Judges ordered the release yesterday of a Libyan man who has been detained for 16 months without charge under the Government's anti-terrorism powers.
But the unnamed 37-year-old remained in Belmarsh maximum security prison last night after the Home Secretary, David Blunkett, launched an appeal.
The detainee, known as M, is one of 13 people held under the Anti-Terrorism, Crime and Security Act, and is the first to appeal successfully against his detention. He was first incarcerated in November 2002. The Special Immigration Appeals Commission (SIAC) found that there was "no reasonable suspicion" justifying the continuing detention of the man.
After Home Office representations in the wake of the case, a High Court judge granted a 24-hour extension to M's detention and the case will return to the court today. The bad news for the Government came before Mr Blunkett announced, in Massachusetts last night, that the five Guantanamo Bay British terror suspects returning to the UK would arrive within 24 hours. Police files on Rhuhel Ahmed, Tarek Dergoul, Jamal al-Harith, Asif Iqbal and Shafiq Rasul will be passed to the Director of Public Prosecutions, Ken Macdonald QC, said sources at the Crown Prosecution Service.
The Home Office was disappointed with the commission's decision. It said: "Of the appeals heard by SIAC to date, 12 out of 13 have been upheld. We are disappointed with today's determination in the case of M and are seeking leave to appeal."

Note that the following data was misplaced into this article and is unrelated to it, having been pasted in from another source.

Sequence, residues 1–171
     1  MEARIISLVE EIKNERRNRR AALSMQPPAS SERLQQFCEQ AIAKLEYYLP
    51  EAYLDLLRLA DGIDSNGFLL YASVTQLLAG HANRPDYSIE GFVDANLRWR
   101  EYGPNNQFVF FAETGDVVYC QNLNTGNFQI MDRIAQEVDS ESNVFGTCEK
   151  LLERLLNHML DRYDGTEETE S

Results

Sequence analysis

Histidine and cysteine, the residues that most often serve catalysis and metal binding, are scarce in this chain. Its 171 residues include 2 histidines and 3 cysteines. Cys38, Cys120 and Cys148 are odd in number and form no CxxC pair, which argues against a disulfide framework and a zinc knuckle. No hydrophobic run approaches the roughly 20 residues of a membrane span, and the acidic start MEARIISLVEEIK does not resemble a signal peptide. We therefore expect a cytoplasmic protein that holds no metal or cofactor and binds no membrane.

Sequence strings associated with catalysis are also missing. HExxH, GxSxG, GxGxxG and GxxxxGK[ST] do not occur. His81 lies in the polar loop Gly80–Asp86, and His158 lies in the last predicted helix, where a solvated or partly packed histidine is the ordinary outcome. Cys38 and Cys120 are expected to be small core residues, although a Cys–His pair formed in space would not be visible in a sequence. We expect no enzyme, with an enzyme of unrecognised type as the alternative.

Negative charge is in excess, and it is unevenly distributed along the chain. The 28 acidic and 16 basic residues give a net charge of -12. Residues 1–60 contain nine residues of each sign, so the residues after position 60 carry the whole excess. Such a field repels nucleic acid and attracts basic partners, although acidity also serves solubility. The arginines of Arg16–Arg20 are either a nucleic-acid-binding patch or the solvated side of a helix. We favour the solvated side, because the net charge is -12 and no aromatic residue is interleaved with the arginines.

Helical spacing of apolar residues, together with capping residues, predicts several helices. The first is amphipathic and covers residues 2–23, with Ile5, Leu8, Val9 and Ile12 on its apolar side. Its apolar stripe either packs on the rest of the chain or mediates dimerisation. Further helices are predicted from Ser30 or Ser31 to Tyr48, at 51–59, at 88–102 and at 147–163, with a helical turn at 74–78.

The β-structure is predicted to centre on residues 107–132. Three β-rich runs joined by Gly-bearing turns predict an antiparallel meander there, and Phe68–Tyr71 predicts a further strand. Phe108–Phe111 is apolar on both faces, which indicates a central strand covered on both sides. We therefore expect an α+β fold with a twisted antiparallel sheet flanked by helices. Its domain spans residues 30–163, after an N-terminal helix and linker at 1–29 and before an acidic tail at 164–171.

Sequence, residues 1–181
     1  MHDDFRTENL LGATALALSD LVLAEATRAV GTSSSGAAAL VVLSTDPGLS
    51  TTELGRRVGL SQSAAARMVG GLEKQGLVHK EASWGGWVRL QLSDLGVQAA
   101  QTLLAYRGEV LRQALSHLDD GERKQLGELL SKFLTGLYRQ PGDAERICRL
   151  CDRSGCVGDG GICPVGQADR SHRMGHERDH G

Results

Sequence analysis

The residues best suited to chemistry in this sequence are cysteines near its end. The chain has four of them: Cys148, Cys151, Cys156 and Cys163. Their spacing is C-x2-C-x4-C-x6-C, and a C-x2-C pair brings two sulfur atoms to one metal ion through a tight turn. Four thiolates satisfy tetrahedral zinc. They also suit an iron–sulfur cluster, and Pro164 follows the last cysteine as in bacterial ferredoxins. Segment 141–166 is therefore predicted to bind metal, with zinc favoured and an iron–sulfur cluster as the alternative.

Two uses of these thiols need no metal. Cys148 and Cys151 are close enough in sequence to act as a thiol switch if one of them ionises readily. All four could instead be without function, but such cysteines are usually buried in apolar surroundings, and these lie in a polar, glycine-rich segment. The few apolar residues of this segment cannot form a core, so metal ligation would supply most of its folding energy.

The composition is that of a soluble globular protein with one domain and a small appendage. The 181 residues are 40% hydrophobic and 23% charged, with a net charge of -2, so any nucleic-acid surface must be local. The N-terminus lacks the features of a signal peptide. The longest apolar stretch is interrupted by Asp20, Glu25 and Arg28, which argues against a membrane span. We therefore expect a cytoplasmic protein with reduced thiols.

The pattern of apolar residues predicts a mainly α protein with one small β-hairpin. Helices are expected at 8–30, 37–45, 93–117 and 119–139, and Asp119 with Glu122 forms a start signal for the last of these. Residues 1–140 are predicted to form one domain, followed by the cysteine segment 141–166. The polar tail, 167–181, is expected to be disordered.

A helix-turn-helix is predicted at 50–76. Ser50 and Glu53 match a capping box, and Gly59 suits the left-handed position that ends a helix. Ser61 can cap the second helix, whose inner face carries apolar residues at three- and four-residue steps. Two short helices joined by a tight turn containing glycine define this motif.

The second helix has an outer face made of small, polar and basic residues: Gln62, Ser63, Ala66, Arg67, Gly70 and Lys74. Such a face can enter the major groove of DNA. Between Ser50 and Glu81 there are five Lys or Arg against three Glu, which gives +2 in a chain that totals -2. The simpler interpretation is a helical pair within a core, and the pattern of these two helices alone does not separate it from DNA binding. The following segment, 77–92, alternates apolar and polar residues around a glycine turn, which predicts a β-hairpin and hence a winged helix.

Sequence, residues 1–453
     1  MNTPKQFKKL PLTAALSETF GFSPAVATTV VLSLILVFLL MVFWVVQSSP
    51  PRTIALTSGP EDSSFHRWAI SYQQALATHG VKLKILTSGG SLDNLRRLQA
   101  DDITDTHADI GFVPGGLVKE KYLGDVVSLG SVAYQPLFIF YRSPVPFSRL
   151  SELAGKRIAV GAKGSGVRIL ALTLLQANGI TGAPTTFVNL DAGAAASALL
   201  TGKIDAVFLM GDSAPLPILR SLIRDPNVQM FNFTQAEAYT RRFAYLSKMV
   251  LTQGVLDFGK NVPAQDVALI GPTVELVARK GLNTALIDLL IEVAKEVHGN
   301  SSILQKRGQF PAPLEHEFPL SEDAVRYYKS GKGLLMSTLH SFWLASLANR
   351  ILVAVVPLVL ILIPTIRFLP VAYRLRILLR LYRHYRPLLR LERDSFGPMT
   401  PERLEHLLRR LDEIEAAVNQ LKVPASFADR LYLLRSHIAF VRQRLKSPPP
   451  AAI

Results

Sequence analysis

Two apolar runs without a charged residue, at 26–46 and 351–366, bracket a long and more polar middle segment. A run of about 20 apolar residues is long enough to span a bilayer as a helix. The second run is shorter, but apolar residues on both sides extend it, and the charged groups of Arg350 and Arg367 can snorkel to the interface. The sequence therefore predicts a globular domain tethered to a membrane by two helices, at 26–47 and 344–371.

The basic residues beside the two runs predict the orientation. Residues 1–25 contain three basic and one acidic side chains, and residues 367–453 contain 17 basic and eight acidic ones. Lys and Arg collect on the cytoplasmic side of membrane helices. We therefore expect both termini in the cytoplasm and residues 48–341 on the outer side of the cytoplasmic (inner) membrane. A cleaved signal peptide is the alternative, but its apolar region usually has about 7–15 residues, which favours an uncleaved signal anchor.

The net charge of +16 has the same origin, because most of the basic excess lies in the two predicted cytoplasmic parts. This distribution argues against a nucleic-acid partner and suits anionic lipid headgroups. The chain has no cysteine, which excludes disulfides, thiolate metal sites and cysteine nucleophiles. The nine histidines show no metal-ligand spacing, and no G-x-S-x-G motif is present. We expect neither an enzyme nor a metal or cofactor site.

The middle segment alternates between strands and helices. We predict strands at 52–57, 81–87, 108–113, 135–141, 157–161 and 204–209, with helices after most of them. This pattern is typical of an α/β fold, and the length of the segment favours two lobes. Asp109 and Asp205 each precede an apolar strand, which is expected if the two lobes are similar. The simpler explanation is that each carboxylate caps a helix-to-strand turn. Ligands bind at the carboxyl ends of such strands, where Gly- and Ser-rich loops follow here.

The Anti-Terrorism, Crime and Security Act, introduced in the aftermath of the 11 September attacks, allows for the detention without charge of foreign nationals suspected of involvement in terrorism whom the Government are unable to deport.The Government claimed the Act had been used "sparingly" and "only in the most serious circumstances".
"Those detained are free to leave [return to their country of origin] voluntarily at any time and two have done so," the Home Office said.
It is believed that M, after joining the Libyan Islamic Fighting Group to oppose the regime of Libyan leader Colonel Muammar Gaddafi, came to Britain and had several asylum applications rejected, though he was never deported.
One of the three judges involved in the SIAC ruling, Mr Justice Collins, criticised the Government for its detention of M yesterday. He said some assertions made in statements provided by the Home Secretary were "clearly misleading".Reuse content